Sony Ericsson Xperia X10: Impressive hardware marred by slow software
At a Glance
A few months ago, PCWorld reviewed an unlocked Sony Ericsson Xperia X10. We were unable to assign it a score, however, since Sony Ericsson sent us a unit with unfinished and buggy software. Now, the Xperia is available at a subsidized price ($150 with a two-year contract from AT&T) and ships with the finished software. After refamiliarizing myself with the Xperia X10, I still feel unsure about it. Though I loved the phone’s hardware and camera, the software was painfully slow at times. And faced with shortcomings such as the absence of multitouch and the outdated Android 1.6 OS, I can’t recommend the X10 over other high-end Android phones.
The X10’s design unmistakably marks the smartphone as a Sony: Like its sibling, the Windows Mobile-based Xperia X1, this handset has an eye-catchingly sleek profile, an elegant curved body, and a minimalist black-and-chrome color scheme. Measuring 4.7 by 2.5 by 0.5 inches, the X10 is slightly larger than most smartphones (the Nexus One, for instance, measures 4.5 by 2.4 by 0.5 inches) and feels slightly awkward to hold. It weighs a manageable 4.8 ounces.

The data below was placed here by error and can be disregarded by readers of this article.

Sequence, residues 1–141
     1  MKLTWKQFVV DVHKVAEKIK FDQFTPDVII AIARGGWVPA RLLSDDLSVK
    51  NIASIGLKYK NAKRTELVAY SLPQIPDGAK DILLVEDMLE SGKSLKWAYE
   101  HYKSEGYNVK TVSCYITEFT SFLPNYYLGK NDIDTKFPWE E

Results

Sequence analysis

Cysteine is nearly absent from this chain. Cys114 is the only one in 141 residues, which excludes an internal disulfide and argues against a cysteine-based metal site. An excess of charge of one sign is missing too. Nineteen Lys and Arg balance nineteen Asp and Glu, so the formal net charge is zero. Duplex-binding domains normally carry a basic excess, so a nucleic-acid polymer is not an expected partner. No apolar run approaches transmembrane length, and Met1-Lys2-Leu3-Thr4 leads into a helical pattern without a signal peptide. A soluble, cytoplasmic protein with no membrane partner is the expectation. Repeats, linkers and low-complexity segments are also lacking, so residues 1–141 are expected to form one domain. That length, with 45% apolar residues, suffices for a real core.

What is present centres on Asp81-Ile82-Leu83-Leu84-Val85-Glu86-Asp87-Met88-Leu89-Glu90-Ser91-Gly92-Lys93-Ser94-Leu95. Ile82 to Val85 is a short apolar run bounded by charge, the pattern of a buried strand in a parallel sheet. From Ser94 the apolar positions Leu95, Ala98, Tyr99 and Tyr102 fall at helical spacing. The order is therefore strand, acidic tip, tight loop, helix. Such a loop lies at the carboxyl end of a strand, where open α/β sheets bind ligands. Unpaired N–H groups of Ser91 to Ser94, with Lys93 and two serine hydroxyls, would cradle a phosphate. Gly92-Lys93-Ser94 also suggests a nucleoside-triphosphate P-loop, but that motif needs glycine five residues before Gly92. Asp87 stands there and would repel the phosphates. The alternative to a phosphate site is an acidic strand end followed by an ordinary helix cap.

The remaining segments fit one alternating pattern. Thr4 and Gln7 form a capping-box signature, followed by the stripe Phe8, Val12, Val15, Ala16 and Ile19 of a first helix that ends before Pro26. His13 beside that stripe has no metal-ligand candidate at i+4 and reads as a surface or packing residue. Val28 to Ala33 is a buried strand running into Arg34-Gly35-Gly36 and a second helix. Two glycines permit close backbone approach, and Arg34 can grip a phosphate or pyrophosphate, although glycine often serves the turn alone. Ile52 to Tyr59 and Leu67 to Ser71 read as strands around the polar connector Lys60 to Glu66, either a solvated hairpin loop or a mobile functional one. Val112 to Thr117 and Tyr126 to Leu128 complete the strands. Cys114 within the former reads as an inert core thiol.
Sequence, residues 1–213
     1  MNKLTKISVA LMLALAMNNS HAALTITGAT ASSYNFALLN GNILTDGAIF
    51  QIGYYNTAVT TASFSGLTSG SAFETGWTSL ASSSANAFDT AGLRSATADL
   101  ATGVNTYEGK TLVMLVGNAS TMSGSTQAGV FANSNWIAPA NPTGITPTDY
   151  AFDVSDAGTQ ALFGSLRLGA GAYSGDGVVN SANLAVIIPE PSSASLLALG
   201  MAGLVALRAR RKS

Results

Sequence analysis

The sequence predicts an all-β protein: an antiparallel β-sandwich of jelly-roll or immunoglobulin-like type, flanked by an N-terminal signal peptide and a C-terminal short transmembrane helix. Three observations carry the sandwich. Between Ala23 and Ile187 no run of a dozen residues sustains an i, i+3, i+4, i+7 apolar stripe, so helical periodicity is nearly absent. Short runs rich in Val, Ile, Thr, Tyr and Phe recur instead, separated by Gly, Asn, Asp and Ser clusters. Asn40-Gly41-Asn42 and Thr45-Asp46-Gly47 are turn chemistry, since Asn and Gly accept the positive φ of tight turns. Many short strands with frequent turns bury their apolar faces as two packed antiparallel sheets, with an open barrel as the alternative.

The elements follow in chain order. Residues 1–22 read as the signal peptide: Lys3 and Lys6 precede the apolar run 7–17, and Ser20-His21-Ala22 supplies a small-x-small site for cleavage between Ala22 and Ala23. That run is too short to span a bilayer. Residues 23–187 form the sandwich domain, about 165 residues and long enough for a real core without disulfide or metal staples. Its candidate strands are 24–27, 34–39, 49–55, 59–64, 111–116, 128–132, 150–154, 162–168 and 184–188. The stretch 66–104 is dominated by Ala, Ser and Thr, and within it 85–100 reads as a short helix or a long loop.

Three hardware buttons—for Menu, Home/Multitask Manager, and Back—reside beneath the display. Though the skinny chrome buttons are easy to press, they aren’t touch-sensitive. Occupying the top of the X10 are a 3.5-mm headphone jack, a mini-USB port, and the Power/Lock button. The camera shutter key and the digital zoom control/volume rocker are located on the right spine.
The X10 is larger than average so as to accommodate its 4-inch, 480-by-854-pixel WVGA display, which is bigger than those on the Nexus One (3.7 inches), the Droid (3.7 inches), and the iPhone 3GS (3.5 inches). Despite its gorgeousness, the display wasn’t always as responsive as I would have liked. For example, to unlock the phone, you drag the “lock” upward; but frustratingly, I sometimes had to swipe a couple of times to get it to unlock.